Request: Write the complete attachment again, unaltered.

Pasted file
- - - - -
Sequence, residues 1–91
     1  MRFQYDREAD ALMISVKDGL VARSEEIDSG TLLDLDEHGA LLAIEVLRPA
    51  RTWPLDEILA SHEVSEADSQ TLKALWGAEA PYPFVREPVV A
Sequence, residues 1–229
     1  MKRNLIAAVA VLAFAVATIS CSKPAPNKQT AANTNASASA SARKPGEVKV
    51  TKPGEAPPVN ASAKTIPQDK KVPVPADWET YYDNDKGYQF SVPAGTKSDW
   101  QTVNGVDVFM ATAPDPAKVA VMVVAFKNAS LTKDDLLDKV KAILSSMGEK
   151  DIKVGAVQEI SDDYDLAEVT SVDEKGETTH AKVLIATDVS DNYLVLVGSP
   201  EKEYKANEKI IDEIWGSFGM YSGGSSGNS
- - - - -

Sequence, residues 1–91
     1  MRFQYDREAD ALMISVKDGL VARSEEIDSG TLLDLDEHGA LLAIEVLRPA
    51  RTWPLDEILA SHEVSEADSQ TLKALWGAEA PYPFVREPVV A
Sequence, residues 1–229
     1  MKRNLIAAVA VLAFAVATIS CSKPAPNKQT AANTNASASA SARKPGEVKV
    51  TKPGEAPPVN ASAKTIPQDK KVPVPADWET YYDNDKGYQF SVPAGTKSDW
   101  QTVNGVDVFM ATAPDPAKVA VMVVAFKNAS LTKDDLLDKV KAILSSMGEK
   151  DIKVGAVQEI SDDYDLAEVT SVDEKGETTH AKVLIATDVS DNYLVLVGSP
   201  EKEYKANEKI IDEIWGSFGM YSGGSSGNS